BUSH PROPOSES TO SELL OFF $1 BILLION WORTH OF PUBLIC LANDS
Bush Wants Rollback Of Public Land Protection (2003)
(ENS) WASHINGTON --
Bush's proposed budget for Fiscal Year 2007 includes proposals to sell nearly $1 billion worth of public lands to raise money for the federal treasury.
If these budget provisions are approved by Congress, the U.S. Forest Service and the Bureau of Land Management (BLM) will for the first time have mandatory sales targets to meet.
The administration has set its sights on selling over 300,000 acres of Forest Service land in 32 states and more than 500,000 acres of Bureau of Land Management lands in the West.
At a press conference Tuesday organized by the Wilderness Society a former solicitor with the U.S. Department of the Interior, and professor of law at University of California-Hastings said the BLM routinely makes adjustments in land holdings, buying and selling small parcels in consultation with local communities.
But John Leshy said the FY 2007 budget mandates a different process, "not locally driven, but driven by money targets."
"This process is top down, and it doesn't cut local communities in," he said.
The FY 2007 budget gives the BLM a $182 million revenue target over the years from 2007 through 2011. Then, in the years 2008 through 2016 the BLM's mandatory revenue target is an additional $351 million.
Leshy said lands approaching the size of the state of Rhode Island would have to be sold off to meet the 2007-2011 targets.
"It's bad policy," said Leshy. "Federal lands are our natural heritage and they should not be used as a cookie jar. It is clear that Americans want more land conservation not less."
Mandatory revenue targets will change the attitude of BLM staffers about looking for lands to dispose of, the critics warn.
While not commenting specifically on the public lands sale targets, BLM Director Kathleen Clarke said, "This budget request supports BLM's multiple-use mission and advances key national priorities."
Dave Alberswerth, senior policy advisor and BLM specialist with The Wilderness Society, says the new policy is "a slippery slope" that could lead to even greater sell-offs of public lands in the future.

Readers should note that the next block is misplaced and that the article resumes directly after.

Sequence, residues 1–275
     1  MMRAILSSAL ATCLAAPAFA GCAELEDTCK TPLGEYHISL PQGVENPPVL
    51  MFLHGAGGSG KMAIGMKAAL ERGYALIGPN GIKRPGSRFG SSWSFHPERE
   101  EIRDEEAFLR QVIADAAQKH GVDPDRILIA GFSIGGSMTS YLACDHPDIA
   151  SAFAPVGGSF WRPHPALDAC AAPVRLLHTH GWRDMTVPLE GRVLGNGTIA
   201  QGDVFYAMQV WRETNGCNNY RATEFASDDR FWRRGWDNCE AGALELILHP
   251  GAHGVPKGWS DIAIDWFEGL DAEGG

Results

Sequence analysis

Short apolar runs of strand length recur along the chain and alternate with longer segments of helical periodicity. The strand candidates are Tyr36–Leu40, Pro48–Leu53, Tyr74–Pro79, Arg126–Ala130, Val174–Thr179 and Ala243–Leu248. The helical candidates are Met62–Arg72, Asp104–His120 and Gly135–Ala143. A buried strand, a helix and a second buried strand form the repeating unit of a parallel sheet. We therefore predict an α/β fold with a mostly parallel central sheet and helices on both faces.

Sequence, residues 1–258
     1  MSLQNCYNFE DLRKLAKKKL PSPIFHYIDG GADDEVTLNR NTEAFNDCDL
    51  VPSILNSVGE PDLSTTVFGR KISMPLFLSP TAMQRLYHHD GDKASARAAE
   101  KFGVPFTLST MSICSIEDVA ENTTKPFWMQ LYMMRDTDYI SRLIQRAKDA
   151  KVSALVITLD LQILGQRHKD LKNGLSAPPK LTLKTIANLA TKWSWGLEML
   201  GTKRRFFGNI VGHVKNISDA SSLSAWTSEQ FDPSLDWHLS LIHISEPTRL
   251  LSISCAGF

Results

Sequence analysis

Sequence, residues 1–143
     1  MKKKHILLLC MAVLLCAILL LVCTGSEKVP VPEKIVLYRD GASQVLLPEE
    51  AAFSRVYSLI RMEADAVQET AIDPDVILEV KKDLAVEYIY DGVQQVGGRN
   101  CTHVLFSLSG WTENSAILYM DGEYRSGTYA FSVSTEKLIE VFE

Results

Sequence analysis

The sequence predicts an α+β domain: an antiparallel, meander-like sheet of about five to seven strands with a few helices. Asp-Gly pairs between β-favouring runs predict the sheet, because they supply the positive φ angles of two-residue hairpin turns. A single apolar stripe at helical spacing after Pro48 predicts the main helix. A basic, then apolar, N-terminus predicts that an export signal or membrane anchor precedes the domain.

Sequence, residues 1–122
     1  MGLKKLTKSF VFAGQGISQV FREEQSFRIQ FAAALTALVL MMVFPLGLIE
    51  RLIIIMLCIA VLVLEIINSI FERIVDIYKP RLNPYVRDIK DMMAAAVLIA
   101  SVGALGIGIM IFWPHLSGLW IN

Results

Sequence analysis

"They're starving these agencies so they need to sell off public lands," said Alberswerth. "It's equivalent to selling your house to pay off your credit card debt."
"From a policy perspective, the BLM has never had revenue targets before," Alberswerth said. "Their land sales have always been to get rid of hard to manage lands, but this is a public land liquidation program."
Alberswerth says public land sales on this scale are not popular in the western states where there is a high proportion of sportsmen and outdoor enthusiasts, which he calls "a conservation majority."
A sell-off of millions of acres of public lands for mining was proposed last year by California Congressman Richard Pombo, who chairs the House Resources Committee. It was defeated, and Alberswerth expressed surprise that the Bush administration would make a similar proposal.
Jerry Conley, a former director of the Idaho Fish and Game Department, said, "We already know we'll never have more public lands that we have right now because we will have development pressures."
As "a fly fisherman cares about water quality," Conley said public lands act as a "giant sponge" and are key to protecting water quality.
A proposal in the Bush Fiscal Year 2007 budget requires the sale of National Forest System lands to fund continuation of the Secure Rural Schools and Community Self-Determination Act of 2000.
The Act would have to be amended to allow sale of $800 million worth of lands above the current baseline for a five year extension of forest county safety net payments.
The Forest Service says these lands would be chosen for sale because they are " isolated or inefficient to manage."
Because of the Forest Legacy and land acquisition programs, there is no expected net loss of lands protected by Forest Service action, the agency says.
National Forest lands proposed for sale would be subject to public disclosure and scrutiny to ensure they are appropriate for sale, the Service says. The public will have a 30 day comment period on the list of potentially eligible lands.
Alberswerth and Conley say that although the agency says the lands posted for sale are hard to manage scattered areas, some provide access to to other areas of public lands.
They warn that the sale of even small parcels of public land can then block public access to larger public areas of forest or grasslands.
Mike Francis of The Wilderness Society points out that a lot of timber companies have development companies. "They would buy tracts along rivers, or any water body, timber it and put it up for trophy homes."
Environment News Service and reprinted by special permission
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February 16, 2006 (http://www.albionmonitor.com)
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